Image_2_Vascular Reactivity to Hypercapnia Is Impaired in the Cerebral and Retinal Vasculature in the Acute Phase After Experimental Subarachnoid Hemo.TIF (203.6 kB)
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Image_2_Vascular Reactivity to Hypercapnia Is Impaired in the Cerebral and Retinal Vasculature in the Acute Phase After Experimental Subarachnoid Hemorrhage.TIF

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posted on 13.01.2022, 16:45 by Laura Warner, Annika Bach-Hagemann, Walid Albanna, Hans Clusmann, Gerrit A. Schubert, Ute Lindauer, Catharina Conzen-Dilger

Objective: Impaired cerebral blood flow (CBF) regulation, such as reduced reactivity to hypercapnia, contributes to the pathophysiology after aneurysmal subarachnoid hemorrhage (SAH), but temporal dynamics in the acute phase are unknown. Featuring comparable molecular regulation mechanisms, the retinal vessels participate in chronic and subacute stroke- and SAH-associated vessel alterations in patients and can be studied non-invasively. This study is aimed to characterize the temporal course of the cerebral and retinal vascular reactivity to hypercapnia in the acute phase after experimental SAH and compare the potential degree of impairment.

Methods: Subarachnoid hemorrhage was induced by injecting 0.5 ml of heparinized autologous blood into the cisterna magna of male Wistar rats using two anesthesia protocols [isoflurane/fentanyl n = 25 (Sham + SAH): Iso—Group, ketamine/xylazine n = 32 (Sham + SAH): K/X—Group]. CBF (laser speckle contrast analysis) and physiological parameters were measured continuously for 6 h. At six predefined time points, hypercapnia was induced by hypoventilation controlled via blood gas analysis, and retinal vessel diameter (RVD) was determined non-invasively.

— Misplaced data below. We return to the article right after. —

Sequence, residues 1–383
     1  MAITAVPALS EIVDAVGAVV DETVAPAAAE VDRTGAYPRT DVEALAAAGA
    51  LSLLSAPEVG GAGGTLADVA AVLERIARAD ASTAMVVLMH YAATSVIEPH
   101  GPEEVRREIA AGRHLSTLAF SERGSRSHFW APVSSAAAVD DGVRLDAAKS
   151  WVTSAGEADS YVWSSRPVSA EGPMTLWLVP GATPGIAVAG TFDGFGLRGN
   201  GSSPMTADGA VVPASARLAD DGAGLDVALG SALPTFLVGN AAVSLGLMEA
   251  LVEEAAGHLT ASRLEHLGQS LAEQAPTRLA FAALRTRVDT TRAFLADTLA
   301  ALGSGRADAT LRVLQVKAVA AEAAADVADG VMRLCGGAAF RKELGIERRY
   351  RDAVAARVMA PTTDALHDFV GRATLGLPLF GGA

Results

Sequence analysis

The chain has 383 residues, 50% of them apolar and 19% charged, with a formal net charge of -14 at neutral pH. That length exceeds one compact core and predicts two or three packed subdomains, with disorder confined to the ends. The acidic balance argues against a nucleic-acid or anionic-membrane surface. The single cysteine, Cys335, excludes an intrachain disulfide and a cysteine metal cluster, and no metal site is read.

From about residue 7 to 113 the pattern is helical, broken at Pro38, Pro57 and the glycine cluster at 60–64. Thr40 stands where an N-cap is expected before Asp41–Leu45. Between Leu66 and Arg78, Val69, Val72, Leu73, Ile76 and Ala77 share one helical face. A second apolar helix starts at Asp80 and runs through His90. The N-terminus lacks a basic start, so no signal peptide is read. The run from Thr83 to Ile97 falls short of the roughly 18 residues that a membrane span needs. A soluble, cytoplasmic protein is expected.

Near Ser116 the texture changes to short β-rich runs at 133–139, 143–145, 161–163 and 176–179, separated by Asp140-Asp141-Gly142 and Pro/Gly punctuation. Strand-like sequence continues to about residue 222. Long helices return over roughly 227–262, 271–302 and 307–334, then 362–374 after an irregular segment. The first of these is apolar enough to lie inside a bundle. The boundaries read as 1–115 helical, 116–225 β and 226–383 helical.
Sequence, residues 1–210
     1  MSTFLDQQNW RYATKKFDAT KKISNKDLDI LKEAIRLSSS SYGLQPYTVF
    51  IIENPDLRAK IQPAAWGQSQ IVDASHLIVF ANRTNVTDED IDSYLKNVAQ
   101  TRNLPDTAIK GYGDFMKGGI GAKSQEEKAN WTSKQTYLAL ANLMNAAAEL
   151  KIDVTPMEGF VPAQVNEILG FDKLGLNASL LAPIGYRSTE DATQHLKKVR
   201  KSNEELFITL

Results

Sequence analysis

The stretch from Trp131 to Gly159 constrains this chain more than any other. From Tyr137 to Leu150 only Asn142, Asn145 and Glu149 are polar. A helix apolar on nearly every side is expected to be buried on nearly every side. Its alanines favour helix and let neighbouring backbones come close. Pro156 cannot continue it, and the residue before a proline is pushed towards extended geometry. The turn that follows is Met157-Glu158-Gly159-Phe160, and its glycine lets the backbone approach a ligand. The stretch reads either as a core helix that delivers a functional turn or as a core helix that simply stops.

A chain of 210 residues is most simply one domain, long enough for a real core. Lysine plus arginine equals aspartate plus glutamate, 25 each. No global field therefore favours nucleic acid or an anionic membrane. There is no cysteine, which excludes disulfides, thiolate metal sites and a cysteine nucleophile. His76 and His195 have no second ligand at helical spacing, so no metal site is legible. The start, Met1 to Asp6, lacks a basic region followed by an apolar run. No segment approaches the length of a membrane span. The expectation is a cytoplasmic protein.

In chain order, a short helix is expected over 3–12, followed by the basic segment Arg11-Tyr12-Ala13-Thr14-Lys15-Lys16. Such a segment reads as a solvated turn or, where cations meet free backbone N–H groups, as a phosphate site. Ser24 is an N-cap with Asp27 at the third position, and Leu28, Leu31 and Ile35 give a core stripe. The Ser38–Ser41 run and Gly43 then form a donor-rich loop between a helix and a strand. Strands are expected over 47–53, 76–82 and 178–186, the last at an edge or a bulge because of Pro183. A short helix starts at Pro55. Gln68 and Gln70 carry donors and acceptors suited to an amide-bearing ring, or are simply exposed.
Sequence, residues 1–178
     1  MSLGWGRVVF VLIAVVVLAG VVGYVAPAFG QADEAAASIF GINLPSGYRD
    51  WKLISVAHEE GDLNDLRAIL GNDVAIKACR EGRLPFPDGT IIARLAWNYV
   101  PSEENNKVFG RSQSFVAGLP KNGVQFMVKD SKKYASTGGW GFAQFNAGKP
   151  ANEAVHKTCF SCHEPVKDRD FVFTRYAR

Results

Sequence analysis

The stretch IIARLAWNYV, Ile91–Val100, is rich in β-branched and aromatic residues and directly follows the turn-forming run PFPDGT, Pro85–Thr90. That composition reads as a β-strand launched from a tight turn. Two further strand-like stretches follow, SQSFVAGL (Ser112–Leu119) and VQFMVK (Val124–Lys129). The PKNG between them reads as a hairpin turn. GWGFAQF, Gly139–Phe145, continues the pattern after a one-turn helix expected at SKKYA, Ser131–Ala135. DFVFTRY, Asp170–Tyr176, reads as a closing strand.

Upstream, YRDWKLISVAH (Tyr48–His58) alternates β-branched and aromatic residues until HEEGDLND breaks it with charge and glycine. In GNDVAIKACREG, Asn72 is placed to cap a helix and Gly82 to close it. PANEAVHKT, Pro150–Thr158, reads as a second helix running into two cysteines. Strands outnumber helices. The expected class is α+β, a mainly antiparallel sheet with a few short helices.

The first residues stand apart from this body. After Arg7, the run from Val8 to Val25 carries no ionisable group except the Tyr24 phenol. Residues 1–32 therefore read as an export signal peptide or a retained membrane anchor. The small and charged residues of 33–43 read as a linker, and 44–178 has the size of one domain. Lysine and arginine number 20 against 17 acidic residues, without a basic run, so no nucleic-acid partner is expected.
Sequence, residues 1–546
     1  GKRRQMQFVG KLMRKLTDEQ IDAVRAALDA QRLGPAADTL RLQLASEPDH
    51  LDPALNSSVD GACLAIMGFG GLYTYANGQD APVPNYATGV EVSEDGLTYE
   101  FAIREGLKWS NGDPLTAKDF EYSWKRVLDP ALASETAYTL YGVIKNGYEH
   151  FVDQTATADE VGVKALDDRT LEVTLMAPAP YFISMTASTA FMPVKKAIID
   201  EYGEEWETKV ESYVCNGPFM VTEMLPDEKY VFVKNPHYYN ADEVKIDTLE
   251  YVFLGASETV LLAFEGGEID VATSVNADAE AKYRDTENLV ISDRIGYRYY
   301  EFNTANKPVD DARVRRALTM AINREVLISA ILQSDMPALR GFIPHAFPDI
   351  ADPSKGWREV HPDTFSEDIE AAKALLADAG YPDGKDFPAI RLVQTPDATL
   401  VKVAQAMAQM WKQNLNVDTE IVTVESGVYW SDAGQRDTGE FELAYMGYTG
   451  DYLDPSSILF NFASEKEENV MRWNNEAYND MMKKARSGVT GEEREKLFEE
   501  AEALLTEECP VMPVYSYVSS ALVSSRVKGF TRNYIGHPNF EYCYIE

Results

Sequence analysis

Results: Cerebral reactivity and retinal reactivity in Sham groups were stable with only a slight attenuation after 2 h in RVD of the K/X—Group. In the SAH Iso—Group, cerebral and retinal CO2 reactivity compared to baseline was immediately impaired starting at 30 min after SAH (CBF p = 0.0090, RVD p = 0.0135) and lasting up to 4 h (p = 0.0136, resp. p = 0.0263). Similarly, in the K/X—Group, cerebral CO2 reactivity was disturbed early after SAH (30 min, p = 0.003) albeit showing a recovery to baseline after 2 h while retinal CO2 reactivity was impaired over the whole observation period (360 min, p = 0.0001) in the K/X—Group. After normalization to baseline, both vascular beds showed a parallel behavior regarding the temporal course and extent of impairment.

Conclusion: This study provides a detailed temporal analysis of impaired cerebral vascular CO2 reactivity starting immediately after SAH and lasting up to 6 h. Importantly, the retinal vessels participate in these acute changes underscoring the promising role of the retina as a potential non-invasive screening tool after SAH. Further studies will be required to determine the correlation with functional outcomes.

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